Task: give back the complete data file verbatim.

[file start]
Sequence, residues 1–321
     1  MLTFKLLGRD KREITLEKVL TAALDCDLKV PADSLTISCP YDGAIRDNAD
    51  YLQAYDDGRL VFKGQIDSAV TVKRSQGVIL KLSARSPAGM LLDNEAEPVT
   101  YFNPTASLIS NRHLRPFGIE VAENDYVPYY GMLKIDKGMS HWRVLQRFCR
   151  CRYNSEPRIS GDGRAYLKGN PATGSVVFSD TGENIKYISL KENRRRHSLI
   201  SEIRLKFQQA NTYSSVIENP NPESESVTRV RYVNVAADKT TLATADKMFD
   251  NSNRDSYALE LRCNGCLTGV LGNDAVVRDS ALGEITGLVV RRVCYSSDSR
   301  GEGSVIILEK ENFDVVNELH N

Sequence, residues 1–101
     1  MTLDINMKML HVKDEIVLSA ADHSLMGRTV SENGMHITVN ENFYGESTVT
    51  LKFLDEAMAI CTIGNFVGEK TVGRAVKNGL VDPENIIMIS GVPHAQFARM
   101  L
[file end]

Sequence, residues 1–321
     1  MLTFKLLGRD KREITLEKVL TAALDCDLKV PADSLTISCP YDGAIRDNAD
    51  YLQAYDDGRL VFKGQIDSAV TVKRSQGVIL KLSARSPAGM LLDNEAEPVT
   101  YFNPTASLIS NRHLRPFGIE VAENDYVPYY GMLKIDKGMS HWRVLQRFCR
   151  CRYNSEPRIS GDGRAYLKGN PATGSVVFSD TGENIKYISL KENRRRHSLI
   201  SEIRLKFQQA NTYSSVIENP NPESESVTRV RYVNVAADKT TLATADKMFD
   251  NSNRDSYALE LRCNGCLTGV LGNDAVVRDS ALGEITGLVV RRVCYSSDSR
   301  GEGSVIILEK ENFDVVNELH N

Sequence, residues 1–101
     1  MTLDINMKML HVKDEIVLSA ADHSLMGRTV SENGMHITVN ENFYGESTVT
    51  LKFLDEAMAI CTIGNFVGEK TVGRAVKNGL VDPENIIMIS GVPHAQFARM
   101  L